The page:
In women with suspected breast cancer, magnetic resonance imaging (magnetic resonance imaging, MRI) with a contrast agent is often performed. Whether such an examination can also support the diagnosis of breast cancer in male has not been finally clarified. However, some doctors recommend an MRI of the chest, especially for men, since breast cancer in male often grows into the chest wall (MRI provides more precise images).


Not every tissue change in the breast is malignant. By taking a tissue sample (biopsy), the doctor can determine whether it is actually cancer. He takes a small sample of the abnormal tissue and has it examined in the laboratory. If it is cancer, the laboratory also examines how much the cells have already changed and whether the tumor needs hormones to grow. This is important for therapy planning.

Further investigations

Additional examinations can show whether and how far the breast cancer has already spread in the body. The procedure is similar to that for female patients. For example, a bone scintigraphy helps to detect metastases in the skeleton. Lung metastases can be seen on X-rays of the chest (x-ray thorax) by means of liver metastases on ultrasound of the upper abdomen.

If the doctor suspects that the man’s breast cancer has already spread to other organs, he may also arrange for a computer tomography with a contrast agent to reveal as many metastases as possible.

Treatment of breast cancer in male

Breast cancer in male is not as well studied in studies as in women. Like the diagnosis, the treatment is therefore based on the recommendations for female breast cancer. First and foremost is the surgical removal of the tumor. Depending on how far advanced the breast cancer is and how high the individual risk is, further therapies follow. The doctor also treats any concomitant diseases.

By participating in studies, you can advance male breast cancer research. Ask your doctor if you are interested.


Breast cancer in male is usually operated on. In most cases, the entire breast tissue has to be removed (mastectomy), because men have very little breast tissue overall and the tumor is often located in the very center. If the tumor is very small in relation to the breast, breast-conserving surgery may also be possible surgery may be possible, leaving healthy tissue behind.

During the procedure, the doctor also removes directly adjacent lymph nodes and has them examined in the laboratory during the breast cancer surgery. If they are already affected by cancer, it usually removes the entire neighboring lymph node area at the same time.

After an operation, all removed tissue parts are sent to the laboratory and examined there for histological examination. Among other things, doctors can determine the exact size of the breast cancer focus and use this to plan further therapy.


After the operation, the doctor often also carries out radiation therapy (adjuvant radiation). He wants to kill any tumor residues with it. Radiation is necessary, for example, if the tumor measures two centimeters or more in diameter or if neighboring lymph nodes are affected by cancer (then also radiation of the lymphatic drainage tract). In the case of tumors that do not grow in a hormone-dependent manner, the doctor also irradiates the chest wall after the operation.

Anti – hormone therapy

Breast cancer in male almost always grows dependent on hormones (more precisely: estrogens). Cancer cells have numerous estrogen receptors on their surface. Then an anti-hormone therapy with tamoxifen (after the operation, i.e. adjuvant) comes into question. Tamoxifen occupies the estrogen receptors and thus blocks cancer growth. This can reduce the risk of recurrence.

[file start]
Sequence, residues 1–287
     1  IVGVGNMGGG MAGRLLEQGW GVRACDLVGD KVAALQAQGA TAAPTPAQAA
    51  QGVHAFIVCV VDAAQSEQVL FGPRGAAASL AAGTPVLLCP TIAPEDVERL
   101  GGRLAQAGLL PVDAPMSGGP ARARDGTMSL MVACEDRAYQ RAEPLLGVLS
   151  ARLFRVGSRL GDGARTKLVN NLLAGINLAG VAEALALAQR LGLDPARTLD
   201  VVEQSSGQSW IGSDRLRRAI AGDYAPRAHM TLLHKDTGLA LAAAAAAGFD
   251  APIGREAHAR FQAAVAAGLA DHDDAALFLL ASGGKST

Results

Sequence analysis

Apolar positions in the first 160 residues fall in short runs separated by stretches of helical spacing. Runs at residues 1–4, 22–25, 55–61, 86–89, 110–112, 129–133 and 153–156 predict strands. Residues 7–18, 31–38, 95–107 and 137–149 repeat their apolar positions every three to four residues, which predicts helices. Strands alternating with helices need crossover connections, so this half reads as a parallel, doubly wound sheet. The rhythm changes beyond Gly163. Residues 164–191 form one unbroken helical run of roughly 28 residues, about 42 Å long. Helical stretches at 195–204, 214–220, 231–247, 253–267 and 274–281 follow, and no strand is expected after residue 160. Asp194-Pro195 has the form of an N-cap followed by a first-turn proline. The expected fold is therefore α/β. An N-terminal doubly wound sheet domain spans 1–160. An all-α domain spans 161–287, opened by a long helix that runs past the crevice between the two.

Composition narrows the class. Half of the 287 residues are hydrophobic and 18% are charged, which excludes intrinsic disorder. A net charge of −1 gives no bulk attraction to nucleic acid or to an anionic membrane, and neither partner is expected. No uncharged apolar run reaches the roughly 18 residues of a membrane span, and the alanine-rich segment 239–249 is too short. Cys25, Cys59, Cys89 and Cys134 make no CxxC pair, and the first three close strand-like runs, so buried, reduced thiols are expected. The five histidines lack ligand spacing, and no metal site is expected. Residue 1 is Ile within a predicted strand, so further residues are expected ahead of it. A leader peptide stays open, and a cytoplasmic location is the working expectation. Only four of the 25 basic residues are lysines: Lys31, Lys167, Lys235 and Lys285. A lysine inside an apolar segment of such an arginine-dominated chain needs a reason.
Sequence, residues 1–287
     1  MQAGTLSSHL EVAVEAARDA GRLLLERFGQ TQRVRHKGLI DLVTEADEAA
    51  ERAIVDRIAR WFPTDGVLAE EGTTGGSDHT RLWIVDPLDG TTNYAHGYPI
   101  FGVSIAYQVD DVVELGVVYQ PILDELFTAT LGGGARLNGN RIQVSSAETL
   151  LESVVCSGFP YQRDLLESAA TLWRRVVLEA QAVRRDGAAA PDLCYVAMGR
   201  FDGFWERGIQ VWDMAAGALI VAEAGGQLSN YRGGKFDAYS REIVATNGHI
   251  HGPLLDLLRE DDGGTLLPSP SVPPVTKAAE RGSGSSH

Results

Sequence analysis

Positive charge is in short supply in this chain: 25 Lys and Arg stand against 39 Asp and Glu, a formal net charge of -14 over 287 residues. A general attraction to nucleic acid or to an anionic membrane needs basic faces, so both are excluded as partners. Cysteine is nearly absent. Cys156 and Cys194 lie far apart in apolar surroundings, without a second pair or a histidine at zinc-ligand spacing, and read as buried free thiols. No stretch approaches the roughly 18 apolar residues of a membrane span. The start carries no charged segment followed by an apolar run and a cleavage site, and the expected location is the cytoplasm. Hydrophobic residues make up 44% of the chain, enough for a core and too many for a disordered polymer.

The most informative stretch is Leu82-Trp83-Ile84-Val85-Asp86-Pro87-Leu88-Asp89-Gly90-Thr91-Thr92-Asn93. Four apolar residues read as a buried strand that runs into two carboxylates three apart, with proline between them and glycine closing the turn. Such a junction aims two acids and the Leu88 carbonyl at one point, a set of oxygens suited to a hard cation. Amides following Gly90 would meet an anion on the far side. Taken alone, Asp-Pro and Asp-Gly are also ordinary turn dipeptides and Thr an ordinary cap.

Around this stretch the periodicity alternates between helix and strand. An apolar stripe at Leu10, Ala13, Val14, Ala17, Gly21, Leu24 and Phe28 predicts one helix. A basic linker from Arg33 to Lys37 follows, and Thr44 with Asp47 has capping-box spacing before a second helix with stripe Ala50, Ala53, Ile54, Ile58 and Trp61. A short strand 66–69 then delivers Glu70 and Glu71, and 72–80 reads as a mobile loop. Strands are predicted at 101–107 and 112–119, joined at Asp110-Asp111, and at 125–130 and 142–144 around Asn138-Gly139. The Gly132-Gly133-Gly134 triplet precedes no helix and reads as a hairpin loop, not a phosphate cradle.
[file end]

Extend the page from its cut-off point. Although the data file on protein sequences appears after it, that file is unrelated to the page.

Tamoxifen is usually taken for at least five years after surgery. Possible side effects include reduced sexual desire, impotence, hot flashes and mood swings.

For women with estrogen-dependent breast cancer, there are other drugs available for hormone treatment, including so-called aromatase inhibitors. However, these are not usually recommended for breast cancer in male – according to studies, the administration of aromatase inhibitors in male patients is associated with a significantly increased mortality rate. The drugs are therefore only considered in certain cases, such as when the breast cancer is very advanced and has already formed metastases.


After breast cancer surgery (adjuvant), the doctor may also initiate chemotherapy. This can improve the patient’s prognosis. In the case of an advanced tumor, the doctor administers the chemotherapeutic agents (cytostatics) before the surgical intervention (neoadjuvant). This is intended to shrink the tumor so that it can then be removed more easily.

Chemotherapy drugs are very powerful drugs that kill cancer cells. But they can also have significant side effects. Therefore, the doctor decides whether chemotherapy makes sense depending on the tumor stage, age and state of health of the patient. He also takes into account how well the patient tolerates the chemotherapy and whether he actually wants such treatment.

Antibody therapy

Male breast cancer is sometimes HER2 positive. This means that there are numerous docking sites for growth factors (HER2/neu receptors) on the surface of the cancer cells. Treatment with antibodies against these receptors, such as trastuzumab, is an option here. In female patients, this antibody treatment is often very effective. Experts therefore assume that HER2-positive breast cancer in male can also be treated with trastuzumab. So far, however, there is no reliable evidence of this.

Breast cancer in male: rehabilitation and aftercare

Rehabilitation after breast cancer aims to alleviate the physical, psychological and social consequences of the disease and therapy. The rehabilitation plan includes, for example: A sports and exercise program, psychological counseling and support for professional reintegration.

As part of aftercare, healed patients are cared for for a longer period of time of time. In this way, the doctor can detect a possible breast cancer recurrence at an early stage. The follow-up examinations are carried out quite frequently at first, and later at longer intervals.

In principle, rehabilitation and aftercare for breast cancer in male are based on the corresponding recommendations for women with breast cancer.

Dr. Ashwani Kumar is highly skilled and experienced in treating major and minor general medicine diseases.